Those familiar with NBN Co's processes told iTnews it would be possible, but difficult, to provide a fibre extension to homes lying just outside of the planned network boundary for under $10,000.
The FoI determination reveals NBN Co developed no formal documentation for the way it generated quotes given to the eight Tasmanian residents.
NBN Co said it instead used a "quoting tool - combined with information from commercially negotiated agreements – to calculate" the prices, including the one that has been withheld.
A summary of the quote method provided to iTnews shows NBN Co and third party contractors attempted to determine the technical viability of a fibre extension to a single house or community based on:
- Distance from the nearest fibre distribution splitter
- Safety and environmental factors, and
- Required approvals for access to property and infrastructure.
Any resulting quote would involve the total cost of new infrastructure, materials, services and processes carried out to develop and install the extended fibre cable, including third party costs.
"Each quote was based on the exact location of the premise requesting the extension," according to the quote method summary provided by NBN Co.
Sources said the biggest factor determining a fibre extension would be the cost of installation and ongoing infrastructure rental.
Most of the quotes would likely be technically feasible using aerial - rather than underground - cabling in the Tasmanian sites included in the feasibility trial.
A single "fibre split" from a nearby fibre distribution hub could be extended by up to 20 kilometres without signal degradation.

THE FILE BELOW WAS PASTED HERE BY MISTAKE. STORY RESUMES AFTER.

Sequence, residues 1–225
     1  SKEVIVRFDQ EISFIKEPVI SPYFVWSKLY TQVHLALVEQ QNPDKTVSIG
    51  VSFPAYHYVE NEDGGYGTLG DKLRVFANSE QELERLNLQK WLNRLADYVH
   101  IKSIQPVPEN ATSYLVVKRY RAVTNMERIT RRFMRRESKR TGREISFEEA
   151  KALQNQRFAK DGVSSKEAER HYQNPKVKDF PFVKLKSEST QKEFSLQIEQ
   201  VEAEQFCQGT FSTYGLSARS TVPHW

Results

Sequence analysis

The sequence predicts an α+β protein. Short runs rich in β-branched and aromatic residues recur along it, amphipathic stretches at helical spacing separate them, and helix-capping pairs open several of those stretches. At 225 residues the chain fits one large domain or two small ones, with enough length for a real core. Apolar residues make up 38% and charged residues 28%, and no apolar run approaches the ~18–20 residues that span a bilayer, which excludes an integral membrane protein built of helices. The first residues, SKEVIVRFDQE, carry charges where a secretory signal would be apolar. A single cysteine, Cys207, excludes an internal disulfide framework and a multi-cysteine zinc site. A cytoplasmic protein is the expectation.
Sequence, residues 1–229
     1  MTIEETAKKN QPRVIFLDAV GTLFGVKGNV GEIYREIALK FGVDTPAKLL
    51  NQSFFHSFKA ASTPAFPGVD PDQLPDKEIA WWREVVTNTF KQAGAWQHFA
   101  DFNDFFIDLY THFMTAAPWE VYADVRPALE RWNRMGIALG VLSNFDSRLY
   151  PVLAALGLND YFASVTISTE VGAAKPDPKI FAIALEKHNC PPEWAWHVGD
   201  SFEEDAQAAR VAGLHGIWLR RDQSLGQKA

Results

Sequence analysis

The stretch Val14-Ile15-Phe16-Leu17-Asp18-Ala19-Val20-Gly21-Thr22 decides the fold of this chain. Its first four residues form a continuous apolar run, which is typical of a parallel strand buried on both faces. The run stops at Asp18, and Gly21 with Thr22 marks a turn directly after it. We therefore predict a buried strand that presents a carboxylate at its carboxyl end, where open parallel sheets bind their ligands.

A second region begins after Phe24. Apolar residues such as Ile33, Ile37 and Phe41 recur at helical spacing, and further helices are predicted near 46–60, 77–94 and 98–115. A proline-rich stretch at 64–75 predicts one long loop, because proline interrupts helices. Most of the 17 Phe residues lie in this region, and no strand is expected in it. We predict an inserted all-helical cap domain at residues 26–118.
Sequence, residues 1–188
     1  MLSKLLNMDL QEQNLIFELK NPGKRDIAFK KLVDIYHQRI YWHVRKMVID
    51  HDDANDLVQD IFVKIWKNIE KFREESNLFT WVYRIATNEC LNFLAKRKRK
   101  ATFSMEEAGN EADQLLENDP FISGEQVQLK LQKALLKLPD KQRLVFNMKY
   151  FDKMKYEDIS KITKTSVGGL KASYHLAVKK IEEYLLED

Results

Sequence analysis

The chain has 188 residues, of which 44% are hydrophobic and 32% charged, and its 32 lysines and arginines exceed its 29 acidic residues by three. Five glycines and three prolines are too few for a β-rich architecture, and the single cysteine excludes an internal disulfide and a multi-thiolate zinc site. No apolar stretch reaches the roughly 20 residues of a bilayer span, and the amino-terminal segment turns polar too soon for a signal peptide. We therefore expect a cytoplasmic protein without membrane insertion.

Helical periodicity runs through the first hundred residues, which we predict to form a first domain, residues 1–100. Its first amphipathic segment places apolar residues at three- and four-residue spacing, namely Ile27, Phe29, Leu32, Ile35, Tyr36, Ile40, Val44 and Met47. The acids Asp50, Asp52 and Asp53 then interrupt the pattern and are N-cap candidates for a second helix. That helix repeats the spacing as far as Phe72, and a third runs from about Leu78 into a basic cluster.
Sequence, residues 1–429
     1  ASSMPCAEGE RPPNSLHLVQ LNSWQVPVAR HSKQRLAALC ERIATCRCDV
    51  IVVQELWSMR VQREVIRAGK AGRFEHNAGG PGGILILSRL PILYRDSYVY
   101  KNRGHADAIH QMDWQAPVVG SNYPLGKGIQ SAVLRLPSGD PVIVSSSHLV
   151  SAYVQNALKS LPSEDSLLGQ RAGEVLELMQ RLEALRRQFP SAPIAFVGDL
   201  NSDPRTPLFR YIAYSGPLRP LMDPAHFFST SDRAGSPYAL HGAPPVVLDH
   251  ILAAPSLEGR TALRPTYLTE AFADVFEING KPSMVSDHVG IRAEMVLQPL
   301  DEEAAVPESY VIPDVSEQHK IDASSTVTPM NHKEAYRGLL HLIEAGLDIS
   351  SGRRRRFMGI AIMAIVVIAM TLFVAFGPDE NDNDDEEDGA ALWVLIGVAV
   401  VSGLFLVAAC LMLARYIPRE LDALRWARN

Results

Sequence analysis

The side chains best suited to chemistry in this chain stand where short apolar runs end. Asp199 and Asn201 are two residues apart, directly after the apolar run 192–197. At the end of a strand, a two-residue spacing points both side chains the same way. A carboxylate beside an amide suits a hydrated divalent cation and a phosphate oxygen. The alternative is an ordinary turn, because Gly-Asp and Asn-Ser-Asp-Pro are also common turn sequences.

Materials, too, would remain cheap and likely already covered within existing supply contracts negotiated by NBN Co.
"It's the installation costs that is the key, and the ongoing rental cost of the space. I don't know what they would negotiate with [Tasmanian utility Aurora Energy] on that," one source said.
"If it wasn't in a fibre footprint areas, it's basically going to be a bespoke build so they're going to charge actuals plus a margin, I'd imagine, which could get quite expensive. Think about trucks going down the street with cherry pickers, having to put up aerial cabling and then you've got to get access to the poles and rental of the poles, it starts heading up quite considerably to run a single fibre."
Based on the information available, including the technical feasibility of rolling out fibre in distances up to 20km, it appears many of the quotes delivered to Tasmanian residents are likely to have been rejected by the residents based on the high cost of the extension.
An NBN Co spokeswoman said some of the eight residents involved in the trial rejected the quote once they were educated about the speed and capability of the fixed wireless connections they would otherwise receive.
Read on to page three as NBN Co caves under pressure to formalise its fibre extension policy.